This dialog allows the pollutant removal characterisation to be defined in concrete terms for this unit. A list of pollutants appears, and the removal option for that pollutant is entered. The only option available is that for which the pollutant has been characterised in this Storage/Treatment plant in 'Pollutant Characterisation', under 'More' in the 'User Built Treatment Plant' dialog.

 

For detention units, the initial concentrations of pollutants at the start of simulation is also required.

Initial Concentration (Storage Unit Removal. This item should contain the concentration of the highlighted pollutant in this unit at the start of the simulation. The concentration is given in units consistent with the pollutant, as defined in the Pollutants Global Database.

Pollutants List. The list of pollutants available is from the 'Use Pollutants' item in Job Control, and represents the list of pollutants for Sanitary analysis. As pollutants are highlighted, the pollutant removal options change to reflect the selected pollutant.

Critical Particle Size.  This option selects the entered Critical Particle Size as the means of pollutant removal. All particles above this size are removed from the influent. This option allows the modelling of Screen Processes such as microscreens, fine screens, and coarse screens. A Critical Particle Size can be used to model non-detention units such as screens. An approximation of the removal effectiveness of screens may be obtained by letting the Particle Size equal the aperture size of the screen. This option is enabled for the highlighted pollutant by selecting the 'Particle Size Distribution' option under 'Storage Treatment', 'More', 'Pollutant Characterisation' dialogs.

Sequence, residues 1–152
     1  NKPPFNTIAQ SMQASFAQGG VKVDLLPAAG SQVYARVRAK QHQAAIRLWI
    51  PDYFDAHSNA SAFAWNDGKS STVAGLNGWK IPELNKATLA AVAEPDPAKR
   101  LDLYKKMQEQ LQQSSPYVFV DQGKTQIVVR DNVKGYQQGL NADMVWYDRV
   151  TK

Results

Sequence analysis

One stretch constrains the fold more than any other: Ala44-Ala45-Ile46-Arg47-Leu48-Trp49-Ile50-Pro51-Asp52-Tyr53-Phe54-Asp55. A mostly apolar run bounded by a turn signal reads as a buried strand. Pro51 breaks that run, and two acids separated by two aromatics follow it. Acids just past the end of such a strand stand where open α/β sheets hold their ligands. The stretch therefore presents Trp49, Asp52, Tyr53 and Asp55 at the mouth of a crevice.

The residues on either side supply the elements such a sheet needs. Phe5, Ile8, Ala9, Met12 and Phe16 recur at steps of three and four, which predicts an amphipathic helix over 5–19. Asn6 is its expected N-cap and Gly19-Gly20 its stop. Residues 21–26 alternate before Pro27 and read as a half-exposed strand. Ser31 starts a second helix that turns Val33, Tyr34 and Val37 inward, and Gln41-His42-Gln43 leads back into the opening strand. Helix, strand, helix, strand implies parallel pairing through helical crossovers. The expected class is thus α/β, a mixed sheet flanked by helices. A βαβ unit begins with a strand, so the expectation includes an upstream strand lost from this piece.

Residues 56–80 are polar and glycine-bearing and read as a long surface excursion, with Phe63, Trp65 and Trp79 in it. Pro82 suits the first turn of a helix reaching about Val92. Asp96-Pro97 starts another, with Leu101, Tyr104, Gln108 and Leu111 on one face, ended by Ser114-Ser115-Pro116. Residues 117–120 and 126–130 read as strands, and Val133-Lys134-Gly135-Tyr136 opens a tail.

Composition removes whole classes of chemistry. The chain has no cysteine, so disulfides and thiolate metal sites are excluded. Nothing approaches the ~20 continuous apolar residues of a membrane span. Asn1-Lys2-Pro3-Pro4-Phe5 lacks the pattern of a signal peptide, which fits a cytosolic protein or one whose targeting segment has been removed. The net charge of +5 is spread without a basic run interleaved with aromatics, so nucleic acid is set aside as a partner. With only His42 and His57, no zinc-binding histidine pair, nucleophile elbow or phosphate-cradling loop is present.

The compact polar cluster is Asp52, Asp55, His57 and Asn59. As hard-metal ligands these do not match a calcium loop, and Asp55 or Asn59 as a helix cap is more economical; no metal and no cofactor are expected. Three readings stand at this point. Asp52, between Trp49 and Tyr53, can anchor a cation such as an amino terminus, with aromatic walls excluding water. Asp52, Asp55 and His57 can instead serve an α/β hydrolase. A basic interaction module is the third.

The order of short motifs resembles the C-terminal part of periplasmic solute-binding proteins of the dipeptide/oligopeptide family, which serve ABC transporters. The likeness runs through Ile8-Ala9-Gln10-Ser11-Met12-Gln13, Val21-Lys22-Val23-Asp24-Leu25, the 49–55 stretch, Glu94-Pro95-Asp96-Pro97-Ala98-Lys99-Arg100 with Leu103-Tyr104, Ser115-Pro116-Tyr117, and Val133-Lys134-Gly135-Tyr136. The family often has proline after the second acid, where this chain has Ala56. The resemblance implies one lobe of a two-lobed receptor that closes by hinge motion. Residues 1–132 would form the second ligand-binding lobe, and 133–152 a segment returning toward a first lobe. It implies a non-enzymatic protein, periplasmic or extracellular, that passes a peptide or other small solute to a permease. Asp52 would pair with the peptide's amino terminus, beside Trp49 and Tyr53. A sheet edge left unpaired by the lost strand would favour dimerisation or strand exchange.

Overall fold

Critical Settling Velocity. This option uses the entered Critical Settling Velocity in the estimation of pollutant removal. This option is enabled for the highlighted pollutant by selecting the 'Settling Velocity Distribution' option under 'Storage Treatment', 'More', 'Pollutant Characterisation' dialogs.

Pollutant Removal Equation 

Costs (Storage Unit)

Initial capital and operation and maintenance costs are calculated at the end of the simulation. These costs are computed using only the information processed for the simulation period; ie. no attempt is made to derive costs for particular time intervals (eg. annual).

  

Capital Cost (Storage Unit)

The capital cost for each unit is computed as a function of a specified design flow or volume or is calculated by the model as a function of the maximum value recorded during the simulation.

The Equation used is of the form:

COST = a * X^b

where

COST = initial capital cost, dollars

a = coefficient

b = coefficient

X = either QMAX (Maximum Available Inflow) or QIMAX (Maximum inflow encountered during the simulation) or VMAX(Maximum allowable storage) or VSMAX (Maximum storage encountered during simulation)

Caution is needed when using these calculated cost results. In a single event simulation the calculated capital cost can only be an estimator of the true capital cost when the simulated event is a design event.